Entertainment Rules at Home
At home, people show a preference for entertainment programming. Almost half of home viewing (48.2%) consists of entertainment programming. Advertising and promotions accounts for another 21.9% of home viewing. News follows with 18.3% of home viewing time. Sports comes in last with a 10.7% share of home viewing.
News Less Popular at Other’s Homes
When visiting another person’s home, viewers have similar TV-watching preferences to the ones they display at home, except for news. More than half of viewing time at another’s home (52.7%) is spent watching entertainment programming, with 21.6% spent watching advertising and promotions and 15.1% spent watching sports. The roughly 50% viewing share increase in sports watching comes at the expense of news, which drops close to 50% to a 10.3% share.
Viewing Preferences Evenly Divided at Work
When watching TV at work, viewers do not dramatically prefer one segment of TV programming more than another. Sports leads with 28.6% of viewing time, followed by news (24.2%), advertising and promotions (23.7%) and entertainment (23.4%).
Sports Rules Other Locations
In other locations (such as restaurants, bars and stores), sports programming is clearly the most popular, capturing 38.3% of TV viewing. Entertainment follows with 21.6% of viewing, trailed by advertising and promotions (19.4%), news (16.2%) and unknown (4.5%).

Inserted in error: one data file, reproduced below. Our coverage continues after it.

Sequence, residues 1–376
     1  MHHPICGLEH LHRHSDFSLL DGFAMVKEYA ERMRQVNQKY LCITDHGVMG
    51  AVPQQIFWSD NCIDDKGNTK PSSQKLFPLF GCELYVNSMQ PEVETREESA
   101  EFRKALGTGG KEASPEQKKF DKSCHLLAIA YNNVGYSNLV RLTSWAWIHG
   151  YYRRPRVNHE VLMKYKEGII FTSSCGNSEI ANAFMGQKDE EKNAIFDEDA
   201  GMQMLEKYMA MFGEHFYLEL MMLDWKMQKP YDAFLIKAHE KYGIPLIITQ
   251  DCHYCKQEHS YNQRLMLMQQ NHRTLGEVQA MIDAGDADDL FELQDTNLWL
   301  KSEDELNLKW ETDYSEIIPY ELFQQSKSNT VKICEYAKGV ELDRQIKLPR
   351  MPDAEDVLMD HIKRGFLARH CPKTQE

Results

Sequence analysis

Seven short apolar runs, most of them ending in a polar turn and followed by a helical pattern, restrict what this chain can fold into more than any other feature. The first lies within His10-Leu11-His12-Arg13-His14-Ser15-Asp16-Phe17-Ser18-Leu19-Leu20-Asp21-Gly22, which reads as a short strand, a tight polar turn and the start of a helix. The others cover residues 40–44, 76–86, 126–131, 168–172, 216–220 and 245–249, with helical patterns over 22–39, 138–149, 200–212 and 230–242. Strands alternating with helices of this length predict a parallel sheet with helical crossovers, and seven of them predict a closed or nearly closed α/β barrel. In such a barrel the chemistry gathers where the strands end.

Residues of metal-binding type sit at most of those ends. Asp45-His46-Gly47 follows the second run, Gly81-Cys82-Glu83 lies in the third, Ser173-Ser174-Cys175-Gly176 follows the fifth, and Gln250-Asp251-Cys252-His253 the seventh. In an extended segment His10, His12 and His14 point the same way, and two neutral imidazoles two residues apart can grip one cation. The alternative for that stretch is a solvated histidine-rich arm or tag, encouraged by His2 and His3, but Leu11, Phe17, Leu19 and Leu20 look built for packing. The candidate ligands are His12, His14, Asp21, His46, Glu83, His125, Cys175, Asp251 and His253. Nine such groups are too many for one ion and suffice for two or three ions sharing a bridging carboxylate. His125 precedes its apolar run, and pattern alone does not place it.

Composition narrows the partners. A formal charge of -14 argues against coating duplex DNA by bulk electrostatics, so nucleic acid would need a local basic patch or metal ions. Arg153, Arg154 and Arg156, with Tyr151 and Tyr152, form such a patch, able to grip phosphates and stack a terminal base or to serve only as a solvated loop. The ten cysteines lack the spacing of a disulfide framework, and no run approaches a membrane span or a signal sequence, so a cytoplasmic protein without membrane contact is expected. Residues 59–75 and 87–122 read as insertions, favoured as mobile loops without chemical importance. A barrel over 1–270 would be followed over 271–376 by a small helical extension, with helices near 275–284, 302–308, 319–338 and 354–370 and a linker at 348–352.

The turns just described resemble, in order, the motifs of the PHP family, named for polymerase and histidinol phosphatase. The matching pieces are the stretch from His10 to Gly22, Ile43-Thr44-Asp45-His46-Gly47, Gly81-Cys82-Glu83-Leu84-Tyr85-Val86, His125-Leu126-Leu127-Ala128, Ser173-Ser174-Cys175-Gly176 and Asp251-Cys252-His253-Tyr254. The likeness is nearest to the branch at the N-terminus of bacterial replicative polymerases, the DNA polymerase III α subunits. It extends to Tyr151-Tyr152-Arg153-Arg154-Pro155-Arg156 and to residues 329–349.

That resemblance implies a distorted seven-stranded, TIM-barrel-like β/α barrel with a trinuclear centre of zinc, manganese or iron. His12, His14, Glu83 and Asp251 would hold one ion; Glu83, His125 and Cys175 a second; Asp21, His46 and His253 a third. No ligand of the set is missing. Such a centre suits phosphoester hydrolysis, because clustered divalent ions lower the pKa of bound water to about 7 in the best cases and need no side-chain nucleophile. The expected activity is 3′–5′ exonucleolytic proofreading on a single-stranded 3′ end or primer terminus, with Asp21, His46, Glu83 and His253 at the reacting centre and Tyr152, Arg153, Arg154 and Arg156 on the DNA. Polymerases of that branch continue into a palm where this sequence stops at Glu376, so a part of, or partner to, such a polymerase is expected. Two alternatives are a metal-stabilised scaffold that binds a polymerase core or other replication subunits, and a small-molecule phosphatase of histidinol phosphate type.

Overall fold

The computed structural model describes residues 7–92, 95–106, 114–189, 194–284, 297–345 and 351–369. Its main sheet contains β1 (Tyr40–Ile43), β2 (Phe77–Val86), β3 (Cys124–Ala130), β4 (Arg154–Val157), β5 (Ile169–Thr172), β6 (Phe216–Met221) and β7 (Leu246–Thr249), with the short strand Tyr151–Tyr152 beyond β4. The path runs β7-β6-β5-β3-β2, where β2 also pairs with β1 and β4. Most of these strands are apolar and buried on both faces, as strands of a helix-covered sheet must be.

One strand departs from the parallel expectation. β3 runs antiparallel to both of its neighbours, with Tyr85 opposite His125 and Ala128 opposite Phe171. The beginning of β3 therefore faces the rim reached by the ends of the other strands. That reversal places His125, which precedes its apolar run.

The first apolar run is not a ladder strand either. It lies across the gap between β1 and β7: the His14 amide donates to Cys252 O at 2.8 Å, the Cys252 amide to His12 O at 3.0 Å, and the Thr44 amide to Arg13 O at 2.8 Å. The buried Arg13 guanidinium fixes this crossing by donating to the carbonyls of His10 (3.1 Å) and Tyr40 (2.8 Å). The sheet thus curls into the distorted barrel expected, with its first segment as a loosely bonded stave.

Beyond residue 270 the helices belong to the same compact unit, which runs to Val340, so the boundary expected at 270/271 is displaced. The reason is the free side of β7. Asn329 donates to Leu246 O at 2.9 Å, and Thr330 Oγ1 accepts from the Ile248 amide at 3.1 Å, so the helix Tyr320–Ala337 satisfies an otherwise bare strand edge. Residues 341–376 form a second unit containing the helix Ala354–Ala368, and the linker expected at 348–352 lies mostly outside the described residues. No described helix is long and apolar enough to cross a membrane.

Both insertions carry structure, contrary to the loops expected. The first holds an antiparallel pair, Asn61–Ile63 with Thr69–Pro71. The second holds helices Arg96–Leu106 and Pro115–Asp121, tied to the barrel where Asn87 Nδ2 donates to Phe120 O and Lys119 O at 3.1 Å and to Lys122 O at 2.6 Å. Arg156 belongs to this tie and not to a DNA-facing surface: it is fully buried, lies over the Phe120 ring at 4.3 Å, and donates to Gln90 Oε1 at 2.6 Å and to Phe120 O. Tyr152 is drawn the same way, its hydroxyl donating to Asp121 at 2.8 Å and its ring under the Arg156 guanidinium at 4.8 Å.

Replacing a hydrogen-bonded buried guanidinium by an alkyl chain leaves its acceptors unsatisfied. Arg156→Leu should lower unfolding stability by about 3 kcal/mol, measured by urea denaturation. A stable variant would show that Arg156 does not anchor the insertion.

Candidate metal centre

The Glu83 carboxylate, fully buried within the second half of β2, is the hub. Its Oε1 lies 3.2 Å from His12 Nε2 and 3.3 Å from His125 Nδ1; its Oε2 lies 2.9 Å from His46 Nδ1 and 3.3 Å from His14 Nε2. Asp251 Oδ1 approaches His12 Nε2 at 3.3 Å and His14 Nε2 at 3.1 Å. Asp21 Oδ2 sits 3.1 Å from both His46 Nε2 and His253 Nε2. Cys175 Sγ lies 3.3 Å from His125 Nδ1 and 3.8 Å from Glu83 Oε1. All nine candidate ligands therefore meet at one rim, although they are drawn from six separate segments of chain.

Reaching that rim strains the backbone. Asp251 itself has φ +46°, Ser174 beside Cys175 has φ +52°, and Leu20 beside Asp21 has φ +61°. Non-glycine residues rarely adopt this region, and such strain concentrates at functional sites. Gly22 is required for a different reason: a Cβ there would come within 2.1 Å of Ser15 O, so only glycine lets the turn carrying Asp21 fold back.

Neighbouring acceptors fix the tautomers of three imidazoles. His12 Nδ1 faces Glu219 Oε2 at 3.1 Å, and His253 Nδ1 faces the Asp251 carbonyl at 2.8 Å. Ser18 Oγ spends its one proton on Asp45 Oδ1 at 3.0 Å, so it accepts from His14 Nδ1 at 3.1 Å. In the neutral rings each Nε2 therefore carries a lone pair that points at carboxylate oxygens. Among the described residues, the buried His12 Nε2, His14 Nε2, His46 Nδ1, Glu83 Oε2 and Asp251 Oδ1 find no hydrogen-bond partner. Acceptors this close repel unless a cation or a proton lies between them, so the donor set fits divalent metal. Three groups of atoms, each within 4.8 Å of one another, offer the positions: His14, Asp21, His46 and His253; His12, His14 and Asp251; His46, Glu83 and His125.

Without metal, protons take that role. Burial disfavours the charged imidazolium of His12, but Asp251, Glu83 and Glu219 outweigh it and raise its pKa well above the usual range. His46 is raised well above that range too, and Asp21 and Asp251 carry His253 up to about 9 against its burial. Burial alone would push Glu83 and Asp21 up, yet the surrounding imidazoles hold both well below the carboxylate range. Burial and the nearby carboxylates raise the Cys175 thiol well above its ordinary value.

Super Bowl Viewers Stay Home
Although sports programming viewership levels are lowest at home and highest in locations such as bars and restaurants, according to previous Nielsen research, most US households were planning to watch the Super Bowl at home this year. Forty-six percent of households planned to watch the Super Bowl at home alone or with immediate family, with another 31% planning to watch it at home with friends and relatives and 14% planning to watch it at the home of a friend or relative. Only 3% planned to watch this year’s Super Bowl at a bar or restaurant.
About the Survey: The CRE study was conducted by observing the media usage among participants age 18 years and older in five DMAs (Atlanta, Chicago, Dallas, Philadelphia, and Seattle) in the spring and fall of 2008. The sample included 752 observed days for a total of approximately 750,000 recorded minutes.